3) Add a small bugle bead to one of the wire ends. Trim the wire end and use a pair of pliers to bend the end back on itself to form a loop . Be sure to leave ~1/4” of slack in the wire as in the photo below (the beads will move along the extra wire). Repeat on the other wire to complete the second antenna of the butterfly.
4) Cut a 24 inch piece of wire. If you are using a clip, put one end of the wire through each hole on the clip. The clip should be placed in the middle of the wire creating two equal length ends. Twist the two wires together on the top of the clip. Attach the clip to the body by placing the two wires on opposite sides of the body between the head bead and the craft bead. Twist the two ends together to secure. I did not show this step by step process in the photos above or below.
5) To one wire end (this is the 24″ wire from step 4) add a 4 bump tube bead (in pink below) followed by 9 craft beads (in clear and blue below). Bring the wire back through the last two craft beads, pulling all remaining wire all the way back through the last 2 beads (call this the “pull through wire”). In the image below you can see the remaining wire sticking out between the 2 blue beads and the clear beads! Use a toothpick to stop the wire from pulling all the way into the end bead, thereby forming a loop. When only a small loop remains around the toothpick, twist the toothpick two full rotations. Remove the toothpick.
6) Add a 5 bump tube bead followed by a 4 bump tube bead to the “pull through wire”. Pull the wire through the second craft bead on the body, call this the “second pull through wire”. The ”second pull through wire” points to the lower right corner of the image below. This is the bead immediately adjacent to the drop bead on the body. See image below.
7) Add a 5 bump tube bead followed by a ¼” bugle (or 8mm round) bead and finally 7 craft beads to the “second pull through wire”.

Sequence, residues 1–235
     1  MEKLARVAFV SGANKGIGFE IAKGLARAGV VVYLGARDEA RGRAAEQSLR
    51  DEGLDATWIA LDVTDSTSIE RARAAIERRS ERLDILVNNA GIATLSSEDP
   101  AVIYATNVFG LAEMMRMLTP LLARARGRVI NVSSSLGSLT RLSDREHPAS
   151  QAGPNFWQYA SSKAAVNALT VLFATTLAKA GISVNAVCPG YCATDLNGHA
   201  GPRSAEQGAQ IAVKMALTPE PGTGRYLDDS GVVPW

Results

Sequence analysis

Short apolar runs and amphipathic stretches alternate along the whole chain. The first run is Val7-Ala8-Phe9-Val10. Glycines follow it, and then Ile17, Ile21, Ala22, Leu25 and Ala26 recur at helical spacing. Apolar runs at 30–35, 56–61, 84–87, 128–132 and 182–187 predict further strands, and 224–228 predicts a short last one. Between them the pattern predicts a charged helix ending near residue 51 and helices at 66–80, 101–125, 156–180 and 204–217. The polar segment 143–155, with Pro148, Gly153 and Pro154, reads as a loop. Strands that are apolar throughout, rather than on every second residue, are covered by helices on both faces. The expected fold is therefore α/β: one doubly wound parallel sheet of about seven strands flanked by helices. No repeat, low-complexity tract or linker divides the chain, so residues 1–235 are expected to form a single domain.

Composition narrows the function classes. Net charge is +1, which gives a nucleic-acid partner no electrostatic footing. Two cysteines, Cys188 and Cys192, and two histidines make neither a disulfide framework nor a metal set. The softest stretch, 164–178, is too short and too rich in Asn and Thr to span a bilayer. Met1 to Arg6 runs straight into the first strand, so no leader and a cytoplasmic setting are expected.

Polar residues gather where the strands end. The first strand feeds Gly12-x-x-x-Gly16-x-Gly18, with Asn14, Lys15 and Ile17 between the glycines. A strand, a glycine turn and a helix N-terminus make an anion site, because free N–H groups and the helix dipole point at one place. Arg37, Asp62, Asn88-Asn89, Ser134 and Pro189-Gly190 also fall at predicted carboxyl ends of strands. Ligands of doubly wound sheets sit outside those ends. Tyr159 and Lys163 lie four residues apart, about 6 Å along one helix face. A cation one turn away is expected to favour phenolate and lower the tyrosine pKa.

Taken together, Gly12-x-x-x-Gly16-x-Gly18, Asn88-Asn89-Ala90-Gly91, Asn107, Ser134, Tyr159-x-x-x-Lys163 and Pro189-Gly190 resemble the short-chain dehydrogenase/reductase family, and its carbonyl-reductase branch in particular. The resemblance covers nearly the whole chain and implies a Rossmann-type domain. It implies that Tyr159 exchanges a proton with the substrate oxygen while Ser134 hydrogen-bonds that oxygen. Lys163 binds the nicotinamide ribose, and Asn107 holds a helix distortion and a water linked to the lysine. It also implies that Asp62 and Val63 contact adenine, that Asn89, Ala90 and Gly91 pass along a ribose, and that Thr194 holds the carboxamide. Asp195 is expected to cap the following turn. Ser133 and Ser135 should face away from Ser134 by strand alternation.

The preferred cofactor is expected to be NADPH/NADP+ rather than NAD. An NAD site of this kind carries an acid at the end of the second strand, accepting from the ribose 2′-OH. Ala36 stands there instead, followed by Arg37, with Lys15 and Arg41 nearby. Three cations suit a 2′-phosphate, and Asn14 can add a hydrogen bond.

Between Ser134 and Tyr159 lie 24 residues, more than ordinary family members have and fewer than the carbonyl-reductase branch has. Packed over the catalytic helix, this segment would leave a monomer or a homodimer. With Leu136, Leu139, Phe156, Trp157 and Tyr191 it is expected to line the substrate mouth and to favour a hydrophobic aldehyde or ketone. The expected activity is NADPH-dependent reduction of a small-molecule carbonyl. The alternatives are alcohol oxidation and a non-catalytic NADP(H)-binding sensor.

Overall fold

8) Bring the “second pull through wire” back through the ¼” bugle bead in the same direction as before. This will make the craft beads form a loop. Add a 5 bump tube bead and wrap the wire once around the butterfly body, at the joint immediately adjacent to the drop bead. Then twist the second wing one full turn so that the wire between the butterfly body and the second wing is twisted and secures the beads on the second wing in place. Note that in the image below the second wing is the wing without the pink beads!
9) Repeat steps 4 through 8 to create the other wings, using the other end of the wire from step 4.
10) Bring the two wire ends (the wire ends that were created each time you completed step 8) to the underneath side of the butterfly. Twist the two wire ends together. Trim short and twist the ends around the butterfly body to hide.
If you enjoyed making this butterfly please let me know by posting a comment below or on my Facebook page. I love to hear from my readers! If you are looking for more ideas with blown glass beads check out my 2D Glass Star Ornament and my 3D Glass Star Ornament. These ornaments are not just for Christmas time, however they to make great Christmas ornaments as well.